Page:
Adultery first became allied with sin in Western history among the ancient Hebrews.
By Mosaic law a woman had to be a virgin on her wedding night, then remain permanently faithful to her husband’s bed. But prostitutes, concubibnes, widows and maidservants were permitted to men. Only intercourse with a married woman was banned.
God had spoken; “Thou shallt not commit adultery”.
In the following, Talmudic period, during the first few centuries of the Christian era, Hebrew attitudes toward sex became more explicit.
God, it was said, decreed that husband and wife engage in the marital act on the eve of the Sabbath. Lists were drawn up prescribing the minimal sexual obligations of different social classes.
Gentlemen of leisure were to copulate with their wives nightly; labourers who resided in the same city where they worked should engage in intercourse two times a week; businessmen who travelled to other cities should indulge once a week; camel drivers were obliged to have marital sex every thirty days. And scholars should perform their marital duties on Friday night.
Sex within marriage became blessed, celebrated, holy. But homosexuality, bestiality, transvestitism, masturbation, and adultery by a wife or by a man with a married woman were condemned by God.
The Hebraic attitude toward adultery would greatly influence Western mores, as would some curious customs of the ancient Greeks.
Greek men considered themselves superior to women. Concubines looked after their daily needs. Educated courtesans known as hetaerae entertained them outside of the home. And some men, particularly among the upper classes, partook regularly of homosexual rendezvous with teenage boys.
Early Christians would react violently to these appetites, but they would cherish other Greek ideals.
Because although Greeks generally celebrated sex, some of them also harboured a dee misgiving that sex was contaminating, defiling and impure.
This strain of Greco-Roman asceticism comingled with the Hebrew concept that certain forms of sexual activity, including adultery, were sinful in the eyes of God, appealed to early Christian leaders.
Heavenly celibacy. Sex begone.
And as the generations passed in early Christendom, sexual abstinence was becoming increasingly allied with God, adultery with sin – for both men and women.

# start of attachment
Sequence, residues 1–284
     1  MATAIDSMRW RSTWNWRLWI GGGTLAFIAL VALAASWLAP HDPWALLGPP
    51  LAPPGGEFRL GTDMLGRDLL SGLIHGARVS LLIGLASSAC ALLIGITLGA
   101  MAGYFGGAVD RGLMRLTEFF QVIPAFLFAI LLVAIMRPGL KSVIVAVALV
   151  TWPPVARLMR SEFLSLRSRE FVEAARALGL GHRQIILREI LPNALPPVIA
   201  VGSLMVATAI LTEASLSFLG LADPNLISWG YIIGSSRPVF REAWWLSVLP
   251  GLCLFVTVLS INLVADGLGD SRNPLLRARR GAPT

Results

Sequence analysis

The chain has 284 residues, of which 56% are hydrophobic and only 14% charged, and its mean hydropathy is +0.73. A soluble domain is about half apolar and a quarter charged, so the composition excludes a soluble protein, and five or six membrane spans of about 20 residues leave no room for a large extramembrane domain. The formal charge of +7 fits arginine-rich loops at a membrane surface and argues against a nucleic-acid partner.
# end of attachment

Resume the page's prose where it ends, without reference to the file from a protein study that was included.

This attitude that adultery is a moral transgression for both sexes has dominated Western cultures ever since, but has it deterred people from going ahead and cheating?
Despite our views that philandering is immoral, regardless of our sense of guilt when we engage in trysts, in spite of the risks to family, friends, and livelihood that adultery inevitably entails, we indulge in extramarital affairs with avid regularity.
The famous Kinsey reports in the late forties and early fifties stated that little over a third of husbands in a sample of 6,247 men were unfaithful. Because so many of these subjects were reluctant to discuss their escapades, however, Kinsey surmised that his figures were low, that probably about half of all American men were unfaithful to their wives at some point during marriage.
25% perfect of the 6,972 married, divorced and widowed American women sampled, Kinsey reported, had engaged in extramarital coitus by age forty. 41% of the female adulterers had copulated with a single partner; 40% with 2-5; 19% had engaged more than five paramours.
Almost two decades later these figures apparently had not changed significantly, despite American attitudes toward sex during the 60s and 70s.
The numbers have since been going up and up and up, but one thing to note is that it’s now an equal playing field when it comes to men and women, well, playing the field.
Women cheat just as much as men.
So one thing is for sure; we humans are adulterous.
Our society mores, our religious teachings, our friends and relatives, urge us to invest all of our sexual energy on one person, a husband or wife. But in practice, a sizeable percentage of both men and women actually spread their time, their vigor and their love among multiple partners as they sneak into other bedrooms.
Happiness is having a large, loving, caring, close-knit family in another city.George Burns